2. Recent Guidelines for the Safe Reuse of Wastewater Irrigation

Although the reuse of treated wastewater for agricultural crop irrigation is encouraged by governments and official entities around the world, only a few countries with higher income level have implemented different standards or directives on the physico-chemical and biological parameters of treated wastewater to protect human health and the environment when used in agriculture [32]. Low-income countries have no resources for wastewater treatment plants and no capacity to treat their wastewater properly, and hence they often use it as such, having no choice but to take the risks arising from these practices. Currently, in three out of four cities in developing countries, farmers are forced to use untreated or partially treated wastewater to irrigate their crops and provide their food needs [33]. It is estimated that in 2035, more than 5.5 billion people will live in areas without sewerage systems [34], and if we correlate with the water deficit, it is expected that in those areas, there will be an increase in the incidence of diseases caused by consumption of vegetables and fruits from crops irrigated with wastewater.

Usually, physico-chemical parameters including biological oxygen demand, chemical oxygen demand, nutrients, turbidity, pH, salinity (electrical conductivity and sodium absorption rate), suspended solids, heavy metals and microbiological parameters (Escherichia coli, Salmonella, Shigella, fecal coliforms, fecal enterococci, nematode eggs) are specified in guidelines regarding the capitalization of wastewater in agriculture. Regulations in various countries impose different limits for total coliforms (colony forming units/100 mL), fecal coliforms (colony forming units/100 mL), Escherichia coli (colony forming units/100 mL) and nematode eggs (number/L), and set the categories of crops and/or soils which can be irrigated with wastewater, depending on its quality.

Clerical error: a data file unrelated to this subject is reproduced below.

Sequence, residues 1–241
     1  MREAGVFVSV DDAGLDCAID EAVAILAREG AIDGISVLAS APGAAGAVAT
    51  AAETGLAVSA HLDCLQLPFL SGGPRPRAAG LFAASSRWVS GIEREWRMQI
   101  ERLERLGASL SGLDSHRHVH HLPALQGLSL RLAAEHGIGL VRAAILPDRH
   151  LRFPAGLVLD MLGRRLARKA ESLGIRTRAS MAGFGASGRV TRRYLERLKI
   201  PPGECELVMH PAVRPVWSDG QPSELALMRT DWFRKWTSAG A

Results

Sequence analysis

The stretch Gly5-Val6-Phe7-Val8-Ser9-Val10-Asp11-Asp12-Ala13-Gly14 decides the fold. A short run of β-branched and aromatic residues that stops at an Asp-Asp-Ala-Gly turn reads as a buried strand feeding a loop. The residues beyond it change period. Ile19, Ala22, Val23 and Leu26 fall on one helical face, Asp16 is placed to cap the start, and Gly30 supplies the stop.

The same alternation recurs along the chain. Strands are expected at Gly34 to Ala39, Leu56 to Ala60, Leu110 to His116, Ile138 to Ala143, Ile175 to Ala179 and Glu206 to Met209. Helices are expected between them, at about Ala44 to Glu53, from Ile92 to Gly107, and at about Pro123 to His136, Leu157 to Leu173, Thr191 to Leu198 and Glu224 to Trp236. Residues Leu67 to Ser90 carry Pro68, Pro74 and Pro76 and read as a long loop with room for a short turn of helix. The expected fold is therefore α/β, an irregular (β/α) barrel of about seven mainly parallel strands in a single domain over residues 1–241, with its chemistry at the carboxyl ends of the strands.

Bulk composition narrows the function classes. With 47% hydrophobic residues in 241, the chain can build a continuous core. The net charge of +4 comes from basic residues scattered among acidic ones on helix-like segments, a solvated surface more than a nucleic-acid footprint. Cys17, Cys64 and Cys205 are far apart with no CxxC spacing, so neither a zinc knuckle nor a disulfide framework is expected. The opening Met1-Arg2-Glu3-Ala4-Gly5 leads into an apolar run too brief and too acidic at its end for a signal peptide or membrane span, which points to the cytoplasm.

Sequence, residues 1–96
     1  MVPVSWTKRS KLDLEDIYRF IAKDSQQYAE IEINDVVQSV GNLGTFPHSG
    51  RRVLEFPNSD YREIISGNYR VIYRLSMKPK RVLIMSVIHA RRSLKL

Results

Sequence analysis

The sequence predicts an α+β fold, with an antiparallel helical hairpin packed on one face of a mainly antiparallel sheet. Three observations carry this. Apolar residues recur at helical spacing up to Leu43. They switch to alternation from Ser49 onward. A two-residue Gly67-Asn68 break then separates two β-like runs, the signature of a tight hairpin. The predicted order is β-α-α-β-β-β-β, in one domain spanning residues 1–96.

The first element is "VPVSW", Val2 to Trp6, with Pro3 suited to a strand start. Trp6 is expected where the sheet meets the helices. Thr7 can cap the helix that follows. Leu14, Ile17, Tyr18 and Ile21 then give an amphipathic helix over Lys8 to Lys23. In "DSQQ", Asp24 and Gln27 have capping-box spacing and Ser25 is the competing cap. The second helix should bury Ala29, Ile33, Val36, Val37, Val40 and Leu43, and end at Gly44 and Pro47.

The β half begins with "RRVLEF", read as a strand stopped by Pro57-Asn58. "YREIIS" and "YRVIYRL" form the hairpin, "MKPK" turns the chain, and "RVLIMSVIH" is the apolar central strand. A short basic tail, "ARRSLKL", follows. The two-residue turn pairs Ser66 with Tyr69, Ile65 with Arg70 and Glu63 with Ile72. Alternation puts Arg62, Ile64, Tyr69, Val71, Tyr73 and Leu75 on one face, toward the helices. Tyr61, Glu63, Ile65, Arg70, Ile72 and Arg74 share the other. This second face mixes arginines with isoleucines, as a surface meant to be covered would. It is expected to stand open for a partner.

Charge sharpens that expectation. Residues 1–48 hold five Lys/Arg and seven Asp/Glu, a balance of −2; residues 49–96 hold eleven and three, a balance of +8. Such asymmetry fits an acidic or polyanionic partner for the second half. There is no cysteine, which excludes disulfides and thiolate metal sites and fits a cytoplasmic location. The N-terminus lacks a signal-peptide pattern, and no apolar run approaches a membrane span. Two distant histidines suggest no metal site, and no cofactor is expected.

In 2006, WHO provided a series of guidelines for the safe reuse of wastewater in agriculture, including treatment and non-treatment recommendations, covering the entire food chain. Worldwide, bacterial pathogens (Salmonella sp., Shigella sp., Legionella sp., Escherichia coli and Vibrio cholerae), helminths (Ascaris and Tenia sp.) and intestinal protozoans (Giardia and Crysptospridium) are of public health concern. Waterborne viruses like HAV, HEV, adenovirus and rotavirus pose the greatest risk of transmission through wastewater reuse [35]. Thus, the use of microbial indicators of fecal contamination has been considered by health and environmental authorities to be the most reliable method of monitoring water quality and the performance of water treatment systems [36].